Premier Danielle Smith has a seat in the legislature now, after winning the Brooks-Medicine Hat byelection last week.
Following the win, Smith has signalled her plans to pivot toward more mainstream issues such as healthcare and cost of living. If she does manage this feat, it would be a change from Smith’s first weeks in office, which have been marked by instability and unpredictability in her public statements, apologies and clarifications. Early polls have shown her struggling, especially in the big cities.
Of course, unstable and unpredictable is one-way the Alberta government has been described in recent years, with Jason Kenney getting turfed in May by the party he founded. Kenney’s ouster triggered a subsequent United Conservative Party leadership race that Smith won on the sixth ballot.
As Smith prepares to govern, for the seven months leading up to the 2023 provincial election, there are three key areas we are keeping our eyes on, to see what happens next.
The new premier’s leadership campaign slogan was “Alberta First,” which she explained on her website is necessary because “the people of this province are not being treated fairly by Ottawa.”
On election night, Smith stated in her acceptance speech, “no longer will Alberta ask permission from Ottawa to be prosperous and free.”
Throughout her campaign, Smith appealed to many UCP members in their frustrations with the previous Kenney government as well as the federal government led by Prime Minister Justin Trudeau.
Smith announced her sovereignty act in June and it immediately became the campaign’s most discussed policy topic. The proposed act would allow Alberta to refuse to enact or enforce any federal legislation that they don’t agree with –– in short giving Alberta unprecedented autonomy and ability that no other province or territory holds.
Melanee Thomas, a political science professor at the U of C, says that she is “watching with alarm”, at what this new leadership is saying and how it does not align with good government and mature politics.
“What Danielle Smith is selling Albertans is often like a pile of bullshit, because it is completely inconsistent with the constitution,” said Thomas.
Smith connected with many Albertans –– rural in particular –– who were fed up with public health restrictions and vaccine mandates –– part of the province and nation’s COVID-19 response.
On her first day in office, Smith announced she was going to dismiss Dr. Deena Hinshaw as the province’s chief medical officer of health, a position she’s held since 2019 –– however as of now Hinshaw still holds her position.
As well, the new premier said during her campaign that she has plans to replace the entire board of Alberta Health Services and put in place a new CEO, as she sees their management of AHS as a failure at appropriately handling the COVID-19 pandemic.
Despite this, she kept Calgary MLA Jason Copping in his post as health minister.
Thomas explains that after much hostility between the health care system, its workers, and the previous Kenney government this is a crucial time for our health system in Alberta.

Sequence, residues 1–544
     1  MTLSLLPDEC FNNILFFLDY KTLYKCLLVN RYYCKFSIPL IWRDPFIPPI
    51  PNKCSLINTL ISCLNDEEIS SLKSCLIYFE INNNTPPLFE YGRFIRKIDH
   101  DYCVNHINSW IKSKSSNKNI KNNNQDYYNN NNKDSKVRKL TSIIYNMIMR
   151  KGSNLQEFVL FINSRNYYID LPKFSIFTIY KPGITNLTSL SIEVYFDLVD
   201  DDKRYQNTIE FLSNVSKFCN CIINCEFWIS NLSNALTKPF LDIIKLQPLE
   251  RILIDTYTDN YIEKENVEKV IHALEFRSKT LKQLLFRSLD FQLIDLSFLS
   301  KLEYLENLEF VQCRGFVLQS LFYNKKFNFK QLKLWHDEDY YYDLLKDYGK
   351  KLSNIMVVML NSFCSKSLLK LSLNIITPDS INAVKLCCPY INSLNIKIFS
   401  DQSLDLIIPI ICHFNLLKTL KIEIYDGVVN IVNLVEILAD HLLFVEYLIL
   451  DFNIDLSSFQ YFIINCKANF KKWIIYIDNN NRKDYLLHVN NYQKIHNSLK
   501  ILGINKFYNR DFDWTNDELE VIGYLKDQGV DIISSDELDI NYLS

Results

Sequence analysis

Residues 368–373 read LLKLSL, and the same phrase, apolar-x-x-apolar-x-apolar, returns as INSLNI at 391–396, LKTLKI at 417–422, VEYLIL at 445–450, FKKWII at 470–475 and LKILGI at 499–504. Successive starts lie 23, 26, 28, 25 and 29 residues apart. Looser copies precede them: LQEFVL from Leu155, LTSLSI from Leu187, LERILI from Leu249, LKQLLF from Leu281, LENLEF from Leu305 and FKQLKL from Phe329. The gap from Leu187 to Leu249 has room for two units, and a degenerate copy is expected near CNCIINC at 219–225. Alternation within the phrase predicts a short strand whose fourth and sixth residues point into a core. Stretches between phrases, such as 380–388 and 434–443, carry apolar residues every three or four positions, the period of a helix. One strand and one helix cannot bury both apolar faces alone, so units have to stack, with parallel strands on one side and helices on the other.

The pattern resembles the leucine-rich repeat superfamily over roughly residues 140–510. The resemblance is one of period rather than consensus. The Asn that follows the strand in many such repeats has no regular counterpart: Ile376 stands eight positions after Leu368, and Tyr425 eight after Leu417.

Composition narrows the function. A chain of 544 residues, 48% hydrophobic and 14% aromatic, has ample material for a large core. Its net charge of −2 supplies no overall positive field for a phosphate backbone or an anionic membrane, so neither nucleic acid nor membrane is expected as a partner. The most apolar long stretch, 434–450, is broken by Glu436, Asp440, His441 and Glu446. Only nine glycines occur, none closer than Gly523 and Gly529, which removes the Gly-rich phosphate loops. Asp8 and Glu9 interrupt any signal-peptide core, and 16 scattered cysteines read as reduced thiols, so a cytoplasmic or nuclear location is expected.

“After everything, after the hostility of the premier Kenney government, the hostility with the government negotiating a new contract with physicians, after watching, especially rural Alberta bleed primary care and physicians,” said Thomas.
“Anybody who cares about the stability of healthcare is looking at this like ‘Okay, how much damage can be done in the next seven months, before the next election?’”
On Oct. 24 Smith revealed her highly anticipated cabinet, which is almost double in size to previous provincial government. The 24-person cabinet, with an additional two ministers without portfolios, includes familiar faces in five of the six former running mates she faced during the UCP Leadership Race –– Travis Toews, Brian Jean, Rebecca Shultz, Todd Loewen and Rajan Sawheny.
A handful of ministers kept their old positions and portfolios but we did see some reshuffling –– and although Smith enlarged the cabinet, only four women were appointed with no specific ministry for women.
The new premier won on the sixth ballot, obtaining roughly 43 per cent of her party’s vote.
During their leadership campaigns, many of the candidates who now sit in Smith’s cabinet argued against the idea of a sovereignty act and highlighted how it would not pass the courts or actually help Alberta.
When Smith was first elected, Thomas reflected on previous leaders whose cabinets held certain levels of skepticism around their policies and how that ultimately forced them out and how she believes this new leadership draws some parallels of similarity.
“All of the talk of unity it does, for me, ring a little bit hollow,” said Thomas.
After the lack of unity within the Kenney government, it will be important for this new UCP government to come together on a unified front and work to unify Albertans in preparation for next year’s election.
Smith was seen as the frontrunner throughout the five-month leadership race, so her win is not a surprise. But the anxiety and worry that some Albertans have about her leadership is very real.
Thomas says those who are worried about Smith’s Alberta should remember the next provincial election is scheduled for May 29.
“If there are things they’re seeing that they don’t like, one of the things they should do is be determined to vote,” said Thomas. “People have a responsibility to participate in elections because elections are key accountability mechanisms.”